ARCHIVE of PREVIOUS YEARS

Spring 2016 (PREVIOUS YEAR)

PH 575 Introduction to Solid State Physics, Spring 2016

  • Instructor: (Spring 2016) Prof. Ethan Minot, Office: Weniger 417
  • TA: (Spring 2016) Kyle Vogt
  • Textbook: See course information
  • Class Meetings: MWF 3.00pm - 3.50pm, Weniger 304

Week 1

DayTopicWhat was coveredAssignments
1Mon 3/28Overview intro_presentation2.pdf, Course Information, day1_2016.pdf. Reading: Sutton Ch1, pp. 9-20hw1.pdf, due next Wednesday
2Wed 3/30 day2_2016b.pdf: Summarize key points about building a model of electron density. Discussion the relationship between electron spatial distribution and electron energy: Electrons lower their total energy by getting close to positive charge; Wavefunctions with high curvature (high spatial frequency) have more kinetic energy. -
3Fri 4/1 day3_2016.pdf: Wavefunctions that satisfy the Schrodinger equation with a Coulomb potential. Calculating/visualizing the wavefunctions distribution in space and on an energy scale.Y_lm mathematica notebooks -

Week 2

DayTopicWhat was coveredAssignments
4Mon 4/4 day4_2016.pdf: The superposition of two degenerate wavefunction also satisfies the differential equation that constrains the wavefunction. Hybridized orbitals (chemistry lingo) are the same thing as the superposition of degenerate wavefunctions. Example, the angular dependence of a p_x orbital is made by adding together Y_1,1 and Y_1,-1. Introduction to ket notation.
5Wed 4/6 day5_2016.pdf: Definition of orthonormal basis. Vector notation. Projection in vector notation. Hybridization in vector notation. hw1soln.pdf, hw2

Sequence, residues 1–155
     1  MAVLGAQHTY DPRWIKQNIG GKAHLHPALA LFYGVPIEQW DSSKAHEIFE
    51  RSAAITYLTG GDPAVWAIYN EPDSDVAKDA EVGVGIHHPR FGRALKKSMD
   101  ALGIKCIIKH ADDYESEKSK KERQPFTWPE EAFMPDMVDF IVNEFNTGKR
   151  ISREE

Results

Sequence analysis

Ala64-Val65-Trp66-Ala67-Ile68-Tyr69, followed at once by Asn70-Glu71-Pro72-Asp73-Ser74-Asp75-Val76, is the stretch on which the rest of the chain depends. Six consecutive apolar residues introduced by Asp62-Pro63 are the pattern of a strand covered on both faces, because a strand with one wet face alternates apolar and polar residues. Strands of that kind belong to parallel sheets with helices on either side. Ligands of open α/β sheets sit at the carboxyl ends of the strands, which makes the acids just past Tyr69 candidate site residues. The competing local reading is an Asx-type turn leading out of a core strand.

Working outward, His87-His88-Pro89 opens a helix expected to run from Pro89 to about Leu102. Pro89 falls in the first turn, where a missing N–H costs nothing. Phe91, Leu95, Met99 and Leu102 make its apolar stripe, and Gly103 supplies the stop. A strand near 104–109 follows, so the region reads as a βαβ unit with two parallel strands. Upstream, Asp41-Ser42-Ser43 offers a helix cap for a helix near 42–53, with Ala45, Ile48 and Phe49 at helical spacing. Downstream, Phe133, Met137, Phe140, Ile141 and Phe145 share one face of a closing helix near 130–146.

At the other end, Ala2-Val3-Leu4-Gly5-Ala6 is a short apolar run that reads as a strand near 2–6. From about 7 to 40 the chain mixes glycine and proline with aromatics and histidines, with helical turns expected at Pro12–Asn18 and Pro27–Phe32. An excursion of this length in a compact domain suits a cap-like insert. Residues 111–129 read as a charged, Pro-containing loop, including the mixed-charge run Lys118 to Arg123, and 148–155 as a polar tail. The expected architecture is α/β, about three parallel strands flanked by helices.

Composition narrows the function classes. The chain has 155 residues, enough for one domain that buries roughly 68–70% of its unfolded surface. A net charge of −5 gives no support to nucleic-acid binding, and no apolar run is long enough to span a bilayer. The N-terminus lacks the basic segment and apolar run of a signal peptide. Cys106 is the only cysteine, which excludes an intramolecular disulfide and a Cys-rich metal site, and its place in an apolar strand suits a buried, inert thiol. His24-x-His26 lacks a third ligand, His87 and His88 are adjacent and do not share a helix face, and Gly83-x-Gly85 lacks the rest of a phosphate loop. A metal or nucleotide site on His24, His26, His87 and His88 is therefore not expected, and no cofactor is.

6Fri 4/8 day6_2016.pdf: Building a molecular orbital using LCAO state. Assume a linear combination of 1s orbital centered on left proton and 1s orbital centered on right proton. Turn differential equation into linear equation. Drop the smallest term. Find energy by matrix algebra. pq6.pdf Interpret result as constructive or destructive interference between atomic orbitals. How beta is calculated.

Week 3

DayTopicWhat was coveredAssignments
7Mon 4/11 day7_2016.pdf: Picking the basis to use for matrix representation of Hamiltonian: all the atomic orbitals within a suitable energy range. Covalent and ionic bonding in a diatomic molecule.
8Wed 4/13 day8_2016.pdf: Naming the energies in the Hamiltonian matrix: on-site integrals and hopping integrals. Classifying bonding orbitals as sigma or pi.
9Fri 4/15 day9_2016.pdf: Representing wave functions with play dough. Using color to represent phase. Energy level diagrams for molecular orbitals.hw2soln.pdf

Week 4

DayTopicWhat was coveredAssignments
10Mon 4/18 day10_2016.pdf: LCAO states for a 1d extended solid. Start with 4 protons. Use periodic boundary conditions.hw3 updated
11Wed 4/20 day11_2016.pdf: Continue analyzing the chain of 4 protons. Pop quiz based on a chain of 6 protons. Generalize to chain of N protons. Expression for the energy of the mth molecular orbital. Sketch of the 1s band.
12Fri 4/22 day12_2016.pdf: Introduce k, the dispersion relation, E(k), and the first Brillouin zone. Calculate density of states for a 1d system.

Week 5

DayTopicWhat was coveredAssignments
13Mon 4/25 day13_2016.pdf: Special values of k, for example the gamma point and chi point. Bloch theorem applied to LCAO states. 1d example. Extend to 2d and 3d. Dispersion relation for LCAO Bloch wave functions (also called the tight binding model).
14Wed 4/27Review 2014 Midterm McIntyre Chpt 15 problems, Pop Quiz Day 1 - 13 hw3 soln
15Fri 4/29MIDTERM

Week 6

DayTopicWhat was coveredAssignments
16Mon 5/2No class Ethan travelling
17Wed 5/4 day14_2016.pdf: Density of states in 2d. Free particle example. LCAO band example, 2d dispersion relation. Effective mass. Distribution of electron energies at T = 0. Calculating the Fermi energy. hw4
18Fri 5/6 day15_2016.pdf: Pop quiz about calculating Fermi energy in a doped semiconductor. Primitive unit cell. Primitive translation vectors. Bravais Lattice. Wigner-Seitz cell. Block wave functions in graphene.

Week 7

DayTopicWhat was coveredAssignments
19Mon 5/9 day16_2016.pdf: How many atomic orbital go into a band structure calculation? Wien2k uses muffin tin radius and energy cut-off to decide. The number of atomic orbital is revealed by counting lines on the dispersion relation, or integrating the density of states per primitive unit cell. Finish the calculation of the graphene band structure.